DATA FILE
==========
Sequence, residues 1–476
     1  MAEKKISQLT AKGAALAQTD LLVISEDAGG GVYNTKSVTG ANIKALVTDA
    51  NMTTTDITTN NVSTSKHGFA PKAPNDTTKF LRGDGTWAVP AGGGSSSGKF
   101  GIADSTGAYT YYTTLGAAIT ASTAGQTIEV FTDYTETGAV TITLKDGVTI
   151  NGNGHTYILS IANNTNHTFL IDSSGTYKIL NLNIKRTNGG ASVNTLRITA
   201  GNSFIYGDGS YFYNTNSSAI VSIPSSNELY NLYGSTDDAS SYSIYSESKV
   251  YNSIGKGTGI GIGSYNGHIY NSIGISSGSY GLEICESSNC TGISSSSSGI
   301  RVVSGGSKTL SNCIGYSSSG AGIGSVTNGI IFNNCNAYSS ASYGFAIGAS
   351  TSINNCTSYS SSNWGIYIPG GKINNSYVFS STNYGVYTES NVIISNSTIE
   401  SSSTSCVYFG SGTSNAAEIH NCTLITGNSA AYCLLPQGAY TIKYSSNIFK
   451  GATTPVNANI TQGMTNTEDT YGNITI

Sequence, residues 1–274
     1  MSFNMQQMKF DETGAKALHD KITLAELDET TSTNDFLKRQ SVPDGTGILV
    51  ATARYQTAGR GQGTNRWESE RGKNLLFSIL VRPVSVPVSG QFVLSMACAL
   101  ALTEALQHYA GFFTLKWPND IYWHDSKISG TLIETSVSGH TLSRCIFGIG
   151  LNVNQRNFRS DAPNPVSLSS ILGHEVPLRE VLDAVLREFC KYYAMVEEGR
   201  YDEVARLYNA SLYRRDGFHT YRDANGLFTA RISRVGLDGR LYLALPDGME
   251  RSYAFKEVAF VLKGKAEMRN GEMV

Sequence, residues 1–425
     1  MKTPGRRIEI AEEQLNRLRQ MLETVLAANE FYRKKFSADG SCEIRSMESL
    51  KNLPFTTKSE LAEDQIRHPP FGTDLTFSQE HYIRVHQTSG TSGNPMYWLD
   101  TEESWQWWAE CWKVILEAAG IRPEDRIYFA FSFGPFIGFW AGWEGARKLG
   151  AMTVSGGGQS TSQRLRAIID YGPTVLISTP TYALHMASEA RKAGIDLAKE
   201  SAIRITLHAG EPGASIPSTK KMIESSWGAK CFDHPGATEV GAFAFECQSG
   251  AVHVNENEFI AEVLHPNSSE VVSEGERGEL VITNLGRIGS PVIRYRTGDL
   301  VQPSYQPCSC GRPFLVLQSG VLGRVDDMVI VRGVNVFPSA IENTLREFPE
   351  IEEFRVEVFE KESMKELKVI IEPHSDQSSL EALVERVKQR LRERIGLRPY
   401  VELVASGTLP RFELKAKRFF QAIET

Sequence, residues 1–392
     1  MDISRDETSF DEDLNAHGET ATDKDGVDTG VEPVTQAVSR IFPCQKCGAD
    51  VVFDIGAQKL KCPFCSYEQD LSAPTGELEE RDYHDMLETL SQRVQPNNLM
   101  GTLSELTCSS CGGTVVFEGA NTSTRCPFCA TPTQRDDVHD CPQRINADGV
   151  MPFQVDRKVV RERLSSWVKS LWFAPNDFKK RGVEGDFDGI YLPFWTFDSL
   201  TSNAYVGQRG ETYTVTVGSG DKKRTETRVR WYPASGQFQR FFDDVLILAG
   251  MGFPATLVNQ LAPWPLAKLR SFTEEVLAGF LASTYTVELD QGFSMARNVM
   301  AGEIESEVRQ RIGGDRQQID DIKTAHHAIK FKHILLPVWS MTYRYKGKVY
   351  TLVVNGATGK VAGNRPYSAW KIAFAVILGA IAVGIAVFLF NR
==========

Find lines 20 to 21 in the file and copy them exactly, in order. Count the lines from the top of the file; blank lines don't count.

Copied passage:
     1  MKTPGRRIEI AEEQLNRLRQ MLETVLAANE FYRKKFSADG SCEIRSMESL
    51  KNLPFTTKSE LAEDQIRHPP FGTDLTFSQE HYIRVHQTSG TSGNPMYWLD